Baby, she’s burning

I always say that in the 70s, everybody had to record a disco song or three.  Dolly Parton was certainly no exception.  One of my favorite of the handful of “disco Dolly” songs is “Baby, I’m Burning.”  From Dolly’s 1978 album Heartbreaker, she had mainstream pop crossover success squarely in her sights.  The song actually got some pretty significant play in the clubs at the time, if you can imagine that!  My first exposure to the song was in 1983 when she performed it in concert on the HBO special Dolly: Live In London  As I’ve said before, that HBO special was probably the root of my Dolly fandom.  I recorded the entire concert on a cassette player by holding it up to the TV and shushing everyone in the room.

25 years later, when I finally saw Dolly in concert in Minneapolis, she trotted this song out again much to my great delight.

My biggest question is how did someone get this fan footage?  At the two Dolly shows I went to, they were Nazis about camera use, confiscating cell phones and digital cameras left and right.  Perhaps it was because the O2 in London is just a titch bigger than the Civic Center in Des Moines?  Well whatever.  I have to say that between the two performances, the first one is preferred – mostly because Dolly looks like a human female rather than a plastic mannequin.  Whenever I see footage of that 1983 concert, I always wonder if Dolly had been touched by a surgeon’s knife yet.  She looks so natural and soft.  In the second clip, she is so thin and plastic.

Still, she’s Dolly.  The fact that she’s Dolly makes you forgive a lot.

What I am still waiting for is a full album of dance music a la Cher’s Believe.  She’s promised it – no doubt as a gift to her massive gay male fan base – but it has yet to arrive.  Time’s ticking Dolly!

One of these days, I’m going to spring for one of the bootlegged DVD copies of that classic ’83 concert.  Until such time, there’s always YouTube.

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This entry was posted in Cher, concerts, Dolly Parton, Life stories, Music. Bookmark the permalink.

6 Responses to Baby, she’s burning

  1. John Hill says:

    It may be blasphemous of me, but I don’t know that I want a dance album at this point. She’s doing some pretty quality music without gimmicks.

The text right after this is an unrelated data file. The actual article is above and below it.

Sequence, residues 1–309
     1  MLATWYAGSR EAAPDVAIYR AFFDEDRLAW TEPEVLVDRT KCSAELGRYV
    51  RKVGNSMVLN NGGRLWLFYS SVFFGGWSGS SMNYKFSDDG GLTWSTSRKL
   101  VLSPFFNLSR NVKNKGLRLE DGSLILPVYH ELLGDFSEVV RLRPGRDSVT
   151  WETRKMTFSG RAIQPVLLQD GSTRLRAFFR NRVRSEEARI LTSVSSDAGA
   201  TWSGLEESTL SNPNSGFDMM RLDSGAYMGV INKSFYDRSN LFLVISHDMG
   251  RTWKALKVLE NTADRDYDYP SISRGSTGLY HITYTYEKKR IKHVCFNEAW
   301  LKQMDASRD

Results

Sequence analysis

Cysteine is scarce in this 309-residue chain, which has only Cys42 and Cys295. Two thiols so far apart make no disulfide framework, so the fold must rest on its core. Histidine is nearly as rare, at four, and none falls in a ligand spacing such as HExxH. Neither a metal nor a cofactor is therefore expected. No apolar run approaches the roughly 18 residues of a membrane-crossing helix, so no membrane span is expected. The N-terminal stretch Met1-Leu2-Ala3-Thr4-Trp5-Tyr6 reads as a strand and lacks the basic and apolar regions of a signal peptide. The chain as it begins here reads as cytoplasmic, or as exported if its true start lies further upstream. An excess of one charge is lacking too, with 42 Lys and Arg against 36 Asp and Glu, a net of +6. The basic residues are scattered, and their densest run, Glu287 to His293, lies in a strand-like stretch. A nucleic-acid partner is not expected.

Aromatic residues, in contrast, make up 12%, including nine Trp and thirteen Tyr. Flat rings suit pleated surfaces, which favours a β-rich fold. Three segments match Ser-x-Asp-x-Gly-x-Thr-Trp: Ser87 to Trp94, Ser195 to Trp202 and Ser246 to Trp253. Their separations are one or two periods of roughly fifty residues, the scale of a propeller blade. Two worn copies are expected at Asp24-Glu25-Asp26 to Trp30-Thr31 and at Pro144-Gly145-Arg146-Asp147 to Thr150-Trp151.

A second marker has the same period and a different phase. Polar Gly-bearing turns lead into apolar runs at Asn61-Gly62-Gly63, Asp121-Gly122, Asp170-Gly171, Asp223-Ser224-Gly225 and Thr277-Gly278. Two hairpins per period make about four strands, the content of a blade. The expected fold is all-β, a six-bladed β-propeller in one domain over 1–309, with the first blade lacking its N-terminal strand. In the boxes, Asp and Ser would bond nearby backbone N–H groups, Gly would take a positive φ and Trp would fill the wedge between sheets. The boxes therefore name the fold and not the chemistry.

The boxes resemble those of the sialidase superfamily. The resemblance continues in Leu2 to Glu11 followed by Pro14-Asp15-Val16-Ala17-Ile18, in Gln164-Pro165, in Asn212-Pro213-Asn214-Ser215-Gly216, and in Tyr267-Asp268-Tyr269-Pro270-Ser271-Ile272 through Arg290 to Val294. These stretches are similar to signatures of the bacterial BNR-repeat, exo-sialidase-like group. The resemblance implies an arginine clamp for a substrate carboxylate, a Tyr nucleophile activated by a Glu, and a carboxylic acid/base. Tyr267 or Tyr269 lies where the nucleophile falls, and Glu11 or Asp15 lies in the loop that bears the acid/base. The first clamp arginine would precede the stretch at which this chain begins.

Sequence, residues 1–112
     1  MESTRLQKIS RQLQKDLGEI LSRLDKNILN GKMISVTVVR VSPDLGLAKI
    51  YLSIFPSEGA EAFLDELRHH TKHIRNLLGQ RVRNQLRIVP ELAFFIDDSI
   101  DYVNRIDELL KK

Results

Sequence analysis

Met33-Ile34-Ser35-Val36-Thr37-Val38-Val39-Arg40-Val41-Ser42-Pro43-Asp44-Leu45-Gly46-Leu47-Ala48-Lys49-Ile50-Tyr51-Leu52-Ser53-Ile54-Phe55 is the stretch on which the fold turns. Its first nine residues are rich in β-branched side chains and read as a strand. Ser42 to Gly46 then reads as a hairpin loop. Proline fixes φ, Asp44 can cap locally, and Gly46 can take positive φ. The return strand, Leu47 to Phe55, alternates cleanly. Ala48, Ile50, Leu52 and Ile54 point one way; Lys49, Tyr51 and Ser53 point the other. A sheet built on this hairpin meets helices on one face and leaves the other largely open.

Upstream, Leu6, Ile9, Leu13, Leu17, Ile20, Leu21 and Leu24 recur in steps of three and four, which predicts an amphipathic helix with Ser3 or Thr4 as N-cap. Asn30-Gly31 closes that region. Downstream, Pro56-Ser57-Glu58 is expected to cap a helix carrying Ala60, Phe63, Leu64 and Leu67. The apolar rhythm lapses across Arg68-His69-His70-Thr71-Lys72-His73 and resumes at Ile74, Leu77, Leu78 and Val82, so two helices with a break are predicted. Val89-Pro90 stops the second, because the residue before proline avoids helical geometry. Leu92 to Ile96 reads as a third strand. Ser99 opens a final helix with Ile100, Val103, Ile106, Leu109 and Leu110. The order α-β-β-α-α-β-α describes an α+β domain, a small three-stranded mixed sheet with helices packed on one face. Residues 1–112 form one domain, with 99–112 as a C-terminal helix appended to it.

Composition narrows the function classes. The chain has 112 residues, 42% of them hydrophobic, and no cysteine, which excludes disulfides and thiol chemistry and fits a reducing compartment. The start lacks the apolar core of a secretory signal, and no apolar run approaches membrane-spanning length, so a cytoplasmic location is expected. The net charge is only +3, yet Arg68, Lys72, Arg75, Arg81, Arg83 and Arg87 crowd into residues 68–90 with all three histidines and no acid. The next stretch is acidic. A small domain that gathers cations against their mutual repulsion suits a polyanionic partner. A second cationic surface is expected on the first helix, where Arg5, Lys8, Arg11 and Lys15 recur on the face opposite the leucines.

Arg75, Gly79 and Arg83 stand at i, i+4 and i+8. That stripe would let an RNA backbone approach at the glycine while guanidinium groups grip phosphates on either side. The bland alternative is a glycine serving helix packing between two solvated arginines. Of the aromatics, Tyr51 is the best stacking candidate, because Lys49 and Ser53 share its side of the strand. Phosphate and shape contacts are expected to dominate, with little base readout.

• Dan says:

      That’s a good point. I’ve been a bit underwhelmed by her last couple of albums that have been pretty serious attempts to break back in to mainstream country radio. They have been less inspired than her bluegrass albums.

  2. Mary35 says:

    I’m glad I’m not the only child who was holding a cassette player up to the TV (Solid Gold, anyone?). One of my fondest moments was when my mom yelled, “Mary, time to dry the dishes!” during one of my tapings.

    • Dan says:

      Totally with you Mary. I also recorded songs from “The Best Little Whorehouse in Texas” and TV theme songs as well as video game commercials. It’s a wonder Heidi married me.

  3. Let me add my voice to the chorus of those kids who held a cassette recorder up to the TV, though my claim of shame is one of the several Barry Manilow TV specials. I’ve got those on DVD now, though I’ve yet to watch ’em.

    As for the confiscation of cell phones and digital cameras at concerts, I couldn’t be happier if that happened everywhere. So tired of having paid to see a show live, only to have my view blocked by someone holding their iPhone up to record the concert (and I inevitably begin watching the show through said device). Just watch the show — I don’t get this incessant need to document every minute, and the footage isn’t even rare when nearly everyone’s doing the same. Ugh, “The World.”

  4. Dan says:

    I generally agree with your thoughts on cell phones and digital cameras at concerts. When I went to the Sticky & Sweet Tour, I tried to get photos, but quickly realized I was so far back that I would not get good ones. I wonder how many people realize that they are watching the concert through a camera when they could be soaking up the experience of a live show.

    That said, I was glad that I had my camera at Kylie back in May. I balanced it well – took just a few pictures of each set and still felt like I was at the show. I also got some amazingly good photos. But overall, yeah, put the camera down and turn off your goddamn phone for 2 hours and enjoy the live experience.

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